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Low oil prices force Halliburton to cut 9,000 jobs

Oilfield services giant posts Q1 loss of $643 million.


HOUSTON — Halliburton Co. has cut 9,000 jobs – more than 10% of its workforce – in about six months and is considering more cost-cutting moves as falling oil prices sap demand for its drilling help.

Halliburton executives disclosed the job cuts on a conference call with investors. The Houston oilfield-services company reported a loss of $643 million in the first quarter.

Haliburton’s oilfield rival Schlumberger Ltd. said last week that it would cut 11,000 jobs on top of 9,000 planned job cuts that it announced in January.

Both companies help map underground oil and gas reservoirs and drill wells for energy companies. Halliburton is a leader in hydraulic fracturing, or the process of breaking underground rock formations to allow oil and gas to escape.

Halliburton President Jeff Miller said he wasn’t ready to say the worst has passed, but that such slumps usually last about three quarters.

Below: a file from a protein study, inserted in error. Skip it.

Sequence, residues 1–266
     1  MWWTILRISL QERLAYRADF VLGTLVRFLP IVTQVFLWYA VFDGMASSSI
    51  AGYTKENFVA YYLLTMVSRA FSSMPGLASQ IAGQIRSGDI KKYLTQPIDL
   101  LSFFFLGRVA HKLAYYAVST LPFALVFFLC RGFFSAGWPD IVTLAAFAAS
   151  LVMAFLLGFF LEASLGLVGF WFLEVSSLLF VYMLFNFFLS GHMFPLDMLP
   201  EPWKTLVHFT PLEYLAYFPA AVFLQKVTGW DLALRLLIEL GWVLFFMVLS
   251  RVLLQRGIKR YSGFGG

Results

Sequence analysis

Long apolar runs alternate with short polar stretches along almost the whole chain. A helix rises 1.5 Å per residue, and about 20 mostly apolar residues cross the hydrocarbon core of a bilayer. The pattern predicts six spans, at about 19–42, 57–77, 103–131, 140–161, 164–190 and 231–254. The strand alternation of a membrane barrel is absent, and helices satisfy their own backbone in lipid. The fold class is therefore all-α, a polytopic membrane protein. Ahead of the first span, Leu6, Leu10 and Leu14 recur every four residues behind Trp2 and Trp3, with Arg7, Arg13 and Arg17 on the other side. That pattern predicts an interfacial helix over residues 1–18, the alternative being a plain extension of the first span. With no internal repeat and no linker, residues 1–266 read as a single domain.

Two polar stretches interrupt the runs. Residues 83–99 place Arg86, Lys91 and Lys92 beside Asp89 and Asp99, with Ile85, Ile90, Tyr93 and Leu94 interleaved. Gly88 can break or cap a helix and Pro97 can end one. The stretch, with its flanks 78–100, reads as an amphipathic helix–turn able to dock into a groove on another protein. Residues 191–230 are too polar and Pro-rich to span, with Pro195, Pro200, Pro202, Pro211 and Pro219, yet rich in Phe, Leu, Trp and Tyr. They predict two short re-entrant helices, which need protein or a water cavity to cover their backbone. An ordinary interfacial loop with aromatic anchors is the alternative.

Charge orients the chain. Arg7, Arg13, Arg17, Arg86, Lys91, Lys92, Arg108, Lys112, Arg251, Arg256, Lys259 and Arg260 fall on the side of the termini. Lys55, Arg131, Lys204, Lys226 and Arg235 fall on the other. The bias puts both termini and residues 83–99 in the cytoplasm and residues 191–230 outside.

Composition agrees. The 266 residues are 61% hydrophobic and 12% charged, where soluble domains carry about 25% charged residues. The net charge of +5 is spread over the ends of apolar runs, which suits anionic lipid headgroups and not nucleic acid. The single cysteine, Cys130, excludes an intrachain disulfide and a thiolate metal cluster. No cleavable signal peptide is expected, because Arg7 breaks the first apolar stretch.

“Once we see activity stabilize, the healing process can begin, but it takes time,” he told analysts.

US drilling activity has dropped by half since November, and energy companies are pressing Halliburton to reduce fees. About two-thirds of Halliburton’s revenue comes from North America, and executives said they expect that revenue to decline from the first quarter to the second.

The oil-market decline caused Halliburton to take $1.2 billion in charges in the first quarter, including severance and write-offs, said the company’s acting chief financial officer, Christian Garcia.

“Over the last two quarters, we have reduced our head count by approximately 9,000 employees, more than 10% of our global head count,” he said on the conference call.

Garcia added that additional moves are likely in the second quarter but will probably result in much smaller charges.

© 2015 The Canadian Press

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